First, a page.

Mission of Mercy
Can Canada send Andrew Coyne on a diplomatic mission to USA Today, or on a friendship tour to the L.A. Times, N.Y. Times, and Washington Post? It might calm a few people down if he recycled a few of his 4-month-old columns (slightly edited) about the electoral system exaggerating regional divisions. Behold this Reuters piece, "San Francisco in No Mood for Tolerance After Bush Win". (ÞNeale)
The woman's frustration was echoed throughout San Francisco, arguably the most liberal city in one of the most Democratic states in the country. On Tuesday, 83.3 percent of voters in San Francisco County cast their ballots for Kerry, compared with 62.8 percent in Los Angeles County and 54.7 percent statewide.
"I have family in Idaho, but I told my wife we're not going to visit them now. It's all Republicans there," said Ron Schmidt, a public relations executive. "We have family in Indiana and I don't want to go there either."
Schmidt said: "The ideologies of the two parties are too different. I don't see how healing can take place. I feel like the disenfranchised minority now, and that's a funny thing for a tall, good-looking white guy like me to say."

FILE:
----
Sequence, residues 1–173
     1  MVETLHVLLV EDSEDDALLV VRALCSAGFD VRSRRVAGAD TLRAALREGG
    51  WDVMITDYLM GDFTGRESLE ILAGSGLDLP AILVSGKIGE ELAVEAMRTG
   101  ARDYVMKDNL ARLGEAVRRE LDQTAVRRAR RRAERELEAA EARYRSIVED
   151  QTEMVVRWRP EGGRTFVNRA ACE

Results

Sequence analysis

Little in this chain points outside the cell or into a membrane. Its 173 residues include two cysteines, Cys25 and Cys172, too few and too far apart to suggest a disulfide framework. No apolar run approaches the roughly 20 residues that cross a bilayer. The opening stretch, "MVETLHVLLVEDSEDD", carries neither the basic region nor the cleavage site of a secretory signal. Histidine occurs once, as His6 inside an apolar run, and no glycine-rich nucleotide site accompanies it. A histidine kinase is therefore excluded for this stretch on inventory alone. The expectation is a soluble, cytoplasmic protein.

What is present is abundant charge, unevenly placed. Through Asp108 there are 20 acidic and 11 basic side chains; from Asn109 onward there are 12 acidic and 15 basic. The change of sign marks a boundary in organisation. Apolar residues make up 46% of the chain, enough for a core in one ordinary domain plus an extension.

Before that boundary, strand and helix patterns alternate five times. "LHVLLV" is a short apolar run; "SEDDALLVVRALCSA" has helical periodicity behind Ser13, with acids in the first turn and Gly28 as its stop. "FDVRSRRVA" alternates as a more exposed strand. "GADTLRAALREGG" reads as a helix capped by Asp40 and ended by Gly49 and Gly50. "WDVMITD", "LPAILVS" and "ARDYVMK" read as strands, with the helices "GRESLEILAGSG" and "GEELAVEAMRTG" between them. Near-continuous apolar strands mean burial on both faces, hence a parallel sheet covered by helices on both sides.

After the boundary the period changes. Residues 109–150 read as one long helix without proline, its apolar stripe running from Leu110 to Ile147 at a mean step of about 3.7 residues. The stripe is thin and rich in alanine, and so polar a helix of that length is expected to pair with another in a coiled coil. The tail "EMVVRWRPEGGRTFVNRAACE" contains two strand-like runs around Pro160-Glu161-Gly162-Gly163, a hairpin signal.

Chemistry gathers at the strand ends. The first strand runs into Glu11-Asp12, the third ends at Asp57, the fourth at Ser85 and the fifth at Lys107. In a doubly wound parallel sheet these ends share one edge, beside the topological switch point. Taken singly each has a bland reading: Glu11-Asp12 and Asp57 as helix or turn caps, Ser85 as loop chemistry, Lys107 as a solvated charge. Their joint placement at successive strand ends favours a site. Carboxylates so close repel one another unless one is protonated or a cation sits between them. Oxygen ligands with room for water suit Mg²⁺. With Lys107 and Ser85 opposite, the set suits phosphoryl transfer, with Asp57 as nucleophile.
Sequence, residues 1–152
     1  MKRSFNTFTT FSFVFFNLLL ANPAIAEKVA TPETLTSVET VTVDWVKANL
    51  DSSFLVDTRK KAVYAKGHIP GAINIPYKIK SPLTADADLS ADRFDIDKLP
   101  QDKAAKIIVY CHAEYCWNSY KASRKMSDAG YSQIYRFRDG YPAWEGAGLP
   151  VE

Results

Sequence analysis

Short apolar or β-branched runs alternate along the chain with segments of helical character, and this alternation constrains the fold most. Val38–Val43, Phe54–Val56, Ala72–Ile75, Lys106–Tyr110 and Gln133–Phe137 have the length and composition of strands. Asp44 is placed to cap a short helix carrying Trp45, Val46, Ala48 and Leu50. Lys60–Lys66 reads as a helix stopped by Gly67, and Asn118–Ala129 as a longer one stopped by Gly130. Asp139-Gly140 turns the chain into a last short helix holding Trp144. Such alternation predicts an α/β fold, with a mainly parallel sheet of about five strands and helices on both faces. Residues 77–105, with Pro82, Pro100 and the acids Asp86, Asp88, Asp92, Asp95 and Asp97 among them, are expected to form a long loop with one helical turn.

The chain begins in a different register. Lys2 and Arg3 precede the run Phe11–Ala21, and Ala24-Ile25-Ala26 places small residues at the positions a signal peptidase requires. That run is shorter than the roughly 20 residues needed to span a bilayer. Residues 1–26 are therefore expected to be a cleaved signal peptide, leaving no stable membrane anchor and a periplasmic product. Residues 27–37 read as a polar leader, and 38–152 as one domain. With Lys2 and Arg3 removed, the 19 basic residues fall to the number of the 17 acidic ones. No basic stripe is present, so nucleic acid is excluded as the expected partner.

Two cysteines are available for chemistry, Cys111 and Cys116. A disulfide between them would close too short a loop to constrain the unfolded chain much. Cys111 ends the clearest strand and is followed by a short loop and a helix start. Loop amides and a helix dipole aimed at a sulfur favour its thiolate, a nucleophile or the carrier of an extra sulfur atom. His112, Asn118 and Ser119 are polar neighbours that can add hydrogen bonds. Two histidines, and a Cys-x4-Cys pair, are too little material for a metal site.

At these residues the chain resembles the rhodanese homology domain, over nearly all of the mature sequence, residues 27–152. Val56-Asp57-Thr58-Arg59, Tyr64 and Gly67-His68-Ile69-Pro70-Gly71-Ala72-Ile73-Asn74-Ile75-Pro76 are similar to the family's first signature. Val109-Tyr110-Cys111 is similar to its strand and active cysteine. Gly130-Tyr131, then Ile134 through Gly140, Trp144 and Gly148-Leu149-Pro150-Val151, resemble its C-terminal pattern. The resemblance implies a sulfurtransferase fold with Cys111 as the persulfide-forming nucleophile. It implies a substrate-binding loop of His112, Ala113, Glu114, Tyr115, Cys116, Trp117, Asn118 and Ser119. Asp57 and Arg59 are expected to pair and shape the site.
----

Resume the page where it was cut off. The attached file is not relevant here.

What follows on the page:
This red state/blue state obsession has gone too far. California is no more uniformly liberal than Saskatchewan is Conservative. YOU VOTED FOR REAGAN - TWICE! And if you're hoping to avoid Republicans, Mr. Schmidt, take another look at those state numbers. You can't even drive to L.A. without passing through a couple of red counties. Are you clear than 90% of the Kerry victory margin in your state is from San Francisco and L.A. Counties? Take them out of the equation, and California was closer than Ohio.
And I think I'm going to be sick the next time I hear a voter describe themselves as "disenfranchised" because they voted for Kerry. He just lost, that's all. Cheer up Mr. Schmidt - you'll get'em next time. In the meantime, you still have your height and your good looks. And your, uh, er, whiteness.